By 1976, Detroit’s idea of performance was stickers, badging and striping! That year, Buick was selected as the Indy 500 Pace Car. To celebrate, they sold about 1,300 versions of this car, which were little more than a bedazzled standard Buick coupe. Launched in America’s Bi-Centennial year, it was purchased to participate in parades and other outings by its original owner. Following his passing, it sat in storage until being acquired by Joy and Alan Oldfield in 2004. Displaying just 3,000 original miles, it is something of a time capsule.
As the 1980s drew to a close, performance returned to fashion in Detroit. Buick turned to outside suppliers ASC (American Specialty Cars) and McLaren Performance Technologies to help create the GNX. Based on an ’87 Grand National, power for the GNX came from a modified, intercooled, turbocharged V6 pushing through a four-speed automatic transmission. Visually the car used an all-black color scheme over the lines of its RWD “G” body to state its purpose. The results recalled those bygone days of 1960s-era performance. It was the quickest production car in 1987, posting superior quarter-mile times than Corvettes, Mustangs, Camaros and even Ferraris. Unlike any other GM car that year, it was saddled with a Gas Guzzler tax! Ron Mukalian’s GNX is one of 547 built and is a survivor, displaying a little over 1,000 miles on its odometer.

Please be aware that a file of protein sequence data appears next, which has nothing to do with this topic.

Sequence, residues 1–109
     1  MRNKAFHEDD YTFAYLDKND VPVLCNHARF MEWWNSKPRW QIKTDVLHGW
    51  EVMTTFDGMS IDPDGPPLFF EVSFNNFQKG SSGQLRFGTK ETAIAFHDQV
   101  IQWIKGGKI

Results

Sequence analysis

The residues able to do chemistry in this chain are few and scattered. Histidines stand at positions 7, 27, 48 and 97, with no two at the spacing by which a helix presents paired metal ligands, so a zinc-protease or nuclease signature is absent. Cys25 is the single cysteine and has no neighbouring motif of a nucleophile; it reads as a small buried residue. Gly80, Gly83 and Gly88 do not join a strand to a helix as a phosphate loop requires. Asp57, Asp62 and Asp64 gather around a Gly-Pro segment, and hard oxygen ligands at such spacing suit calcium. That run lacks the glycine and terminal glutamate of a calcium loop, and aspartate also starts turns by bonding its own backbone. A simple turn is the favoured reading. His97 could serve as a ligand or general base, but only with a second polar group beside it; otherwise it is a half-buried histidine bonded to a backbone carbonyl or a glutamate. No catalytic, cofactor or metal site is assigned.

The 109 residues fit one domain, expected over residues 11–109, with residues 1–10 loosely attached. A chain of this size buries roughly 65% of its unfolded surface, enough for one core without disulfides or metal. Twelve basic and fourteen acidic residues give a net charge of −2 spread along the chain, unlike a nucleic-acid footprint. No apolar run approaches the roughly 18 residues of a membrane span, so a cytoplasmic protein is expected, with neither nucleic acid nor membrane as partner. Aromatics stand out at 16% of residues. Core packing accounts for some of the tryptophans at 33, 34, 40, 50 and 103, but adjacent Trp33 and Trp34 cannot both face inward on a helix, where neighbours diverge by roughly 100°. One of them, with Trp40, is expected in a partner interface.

RADNOR: BUICKS IN THE HUNT! Words & Photos: Maureen & Mike Matune.
The Radnor Hunt Concours is one of the premier events on the enthusiast automotive calendar. For more information, please visit https://radnorconcours.org/